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The Long-Term Behaviour of Exchange Rates, Part I: Introduction

Listed author(s):
  • Yihui Lan

    (UWA Business School, The University of Western Australia)

Registered author(s):

    In 1972, just prior to the collapse of the Bretton-Woods system of fixed exchange rates, the US dollar cost about .4 British pounds. By 1985, the dollar had appreciated to .9 pounds, but by 2001 it had fallen back to about .7 pounds. Such substantial changes in currency values over the longer term are commonplace in a world of floating exchange rates. The thesis aims to enhance understanding of such long-term movements in exchange rates by focusing on one of the central pillars of international economics, purchasing power parity (PPP) theory. This provides the fundamental link between exchange rates and prices, and is the theoretical foundation underlying many exchange-rate models. We present an extensive review of PPP theory and highlight the role of real factors such as international productivity differences in determining exchange rates over the longer term. We also demonstrate that PPP is one of the most rapidly expanding areas of research in economics, and present an analytical overview of the PPP literature. The Big Mac Index, invented by The Economist magazine in 1986, has played a major role in popularising PPP and bringing its practical implications to the attention of financial markets in particular. This thesis tests for PPP using the Big Mac data. We use enhanced econometric procedures that deal with problems of bias and estimation uncertainty associated with a small sample. The test results not only favour PPP, but also suggest a shorter half-life of deviations from parity than that previously reported in much of the literature. As PPP holds, there exists a long-run equilibrium value to which the actual exchange rate reverts, which we identify with the “equilibrium exchange rate” (EER). We introduce a new methodology based on Monte Carlo techniques to estimate the whole distribution of the EER and the adjustment path of the actual rate into the future. This new approach seems to have a number of attractive features including its modest data requirements (exchange rates and Big Mac prices), the minimal economic structure placed on the problem and its simplicity. Interestingly, our estimates of EERs are quite close to those of other studies using more complex methodologies.

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    File URL: http://ecompapers.biz.uwa.edu.au/paper/PDF%20of%20Discussion%20Papers/2003/03_05_Lan.pdf
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    Paper provided by The University of Western Australia, Department of Economics in its series Economics Discussion / Working Papers with number 03-05.

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    Length: 36 pages
    Date of creation: 2003
    Handle: RePEc:uwa:wpaper:03-05
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    Web page: http://www.business.uwa.edu.au/school/disciplines/economics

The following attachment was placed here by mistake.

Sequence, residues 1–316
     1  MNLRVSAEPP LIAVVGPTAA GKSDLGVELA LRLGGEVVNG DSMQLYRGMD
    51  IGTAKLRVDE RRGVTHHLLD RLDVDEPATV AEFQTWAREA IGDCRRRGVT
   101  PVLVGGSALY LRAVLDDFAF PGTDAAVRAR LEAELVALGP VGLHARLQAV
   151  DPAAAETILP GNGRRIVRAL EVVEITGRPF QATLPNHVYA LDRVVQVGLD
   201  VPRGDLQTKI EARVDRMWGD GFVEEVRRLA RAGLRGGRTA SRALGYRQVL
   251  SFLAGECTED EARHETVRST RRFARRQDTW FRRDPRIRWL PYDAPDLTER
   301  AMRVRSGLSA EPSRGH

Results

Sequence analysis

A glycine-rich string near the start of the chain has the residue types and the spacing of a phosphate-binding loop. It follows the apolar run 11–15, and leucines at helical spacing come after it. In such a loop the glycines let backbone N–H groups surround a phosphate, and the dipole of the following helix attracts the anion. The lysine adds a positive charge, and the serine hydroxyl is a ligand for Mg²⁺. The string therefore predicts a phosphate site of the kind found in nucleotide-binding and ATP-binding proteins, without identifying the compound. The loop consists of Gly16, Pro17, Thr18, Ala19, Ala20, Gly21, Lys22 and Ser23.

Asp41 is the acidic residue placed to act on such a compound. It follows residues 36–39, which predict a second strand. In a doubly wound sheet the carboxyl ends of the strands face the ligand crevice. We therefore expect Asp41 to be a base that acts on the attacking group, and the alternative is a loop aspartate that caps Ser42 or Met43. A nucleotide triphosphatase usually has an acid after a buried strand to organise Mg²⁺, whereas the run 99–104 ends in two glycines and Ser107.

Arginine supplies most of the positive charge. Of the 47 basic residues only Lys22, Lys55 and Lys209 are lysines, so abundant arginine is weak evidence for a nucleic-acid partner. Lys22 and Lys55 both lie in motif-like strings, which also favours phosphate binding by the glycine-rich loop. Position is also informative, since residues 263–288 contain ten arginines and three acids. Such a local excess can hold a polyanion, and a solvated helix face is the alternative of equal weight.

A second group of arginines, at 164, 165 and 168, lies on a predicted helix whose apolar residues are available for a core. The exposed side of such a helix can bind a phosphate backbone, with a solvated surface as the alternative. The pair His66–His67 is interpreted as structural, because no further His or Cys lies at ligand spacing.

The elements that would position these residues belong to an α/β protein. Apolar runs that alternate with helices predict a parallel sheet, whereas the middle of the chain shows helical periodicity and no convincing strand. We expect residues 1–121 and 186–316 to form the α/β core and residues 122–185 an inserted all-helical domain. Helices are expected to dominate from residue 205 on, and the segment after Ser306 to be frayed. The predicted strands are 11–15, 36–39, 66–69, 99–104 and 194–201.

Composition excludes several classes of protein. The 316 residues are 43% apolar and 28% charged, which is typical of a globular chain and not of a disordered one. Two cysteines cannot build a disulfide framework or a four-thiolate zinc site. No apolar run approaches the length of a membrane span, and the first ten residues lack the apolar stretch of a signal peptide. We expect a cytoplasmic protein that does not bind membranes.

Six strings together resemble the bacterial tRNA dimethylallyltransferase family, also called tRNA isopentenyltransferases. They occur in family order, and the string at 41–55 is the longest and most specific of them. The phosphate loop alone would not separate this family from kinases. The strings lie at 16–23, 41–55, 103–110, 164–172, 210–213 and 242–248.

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    1. Martin D. D. Evans & Richard K. Lyons, 2002. "Order Flow and Exchange Rate Dynamics," Journal of Political Economy, University of Chicago Press, vol. 110(1), pages 170-180, February.
    2. Li Lian Ong & Jason Mitchell, 2000. "Professors and hamburgers: an international comparison of real academic salaries," Applied Economics, Taylor & Francis Journals, vol. 32(7), pages 869-876.
    3. Annaert, Jan & De Ceuster, Marc J. K., 1997. "The Big Mac: More than a junk asset allocator?," International Review of Financial Analysis, Elsevier, vol. 6(3), pages 179-192.
    4. Obstfeld, Maurice & Rogoff, Kenneth, 1995. "Exchange Rate Dynamics Redux," Journal of Political Economy, University of Chicago Press, vol. 103(3), pages 624-660, June.
    5. Michael R. Pakko & Patricia S. Pollard, 1996. "For here or to go? Purchasing power parity and the Big Mac," Review, Federal Reserve Bank of St. Louis, issue Jan, pages 3-22.
    6. Koedijk, Kees G. & Schotman, Peter, 1990. "How to beat the random walk : An empirical model of real exchange rates," Journal of International Economics, Elsevier, vol. 29(3-4), pages 311-332, November.
    7. Meese, Richard A. & Rogoff, Kenneth, 1983. "Empirical exchange rate models of the seventies : Do they fit out of sample?," Journal of International Economics, Elsevier, vol. 14(1-2), pages 3-24, February.
    8. MacDonald, Ronald & Taylor, Mark P., 1994. "The monetary model of the exchange rate: long-run relationships, short-run dynamics and how to beat a random walk," Journal of International Money and Finance, Elsevier, vol. 13(3), pages 276-290, June.
    9. MacDonald, Ronald, 1983. "Some Tests of the Rational Expectations Hypothesis in the Foreign Exchange Market," Scottish Journal of Political Economy, Scottish Economic Society, vol. 30(3), pages 235-250, November.
    10. Robert E. Cumby, 1996. "Forecasting Exchange Rates and Relative Prices with the Hamburger Standard: Is What You Want What You Get With McParity?," NBER Working Papers 5675, National Bureau of Economic Research, Inc.
    11. Frankel, Jeffrey A. & Rose, Andrew K., 1995. "Empirical research on nominal exchange rates," Handbook of International Economics,in: G. M. Grossman & K. Rogoff (ed.), Handbook of International Economics, edition 1, volume 3, chapter 33, pages 1689-1729 Elsevier.
    12. Ong, Li Lian, 1997. "Burgernomics: the economics of the Big Mac standard," Journal of International Money and Finance, Elsevier, vol. 16(6), pages 865-878, December.
    13. Click, Reid W., 1996. "Contrarian MacParity," Economics Letters, Elsevier, vol. 53(2), pages 209-212, November.
    14. Mark P. Taylor, 2003. "Purchasing Power Parity," Review of International Economics, Wiley Blackwell, vol. 11(3), pages 436-452, 08.
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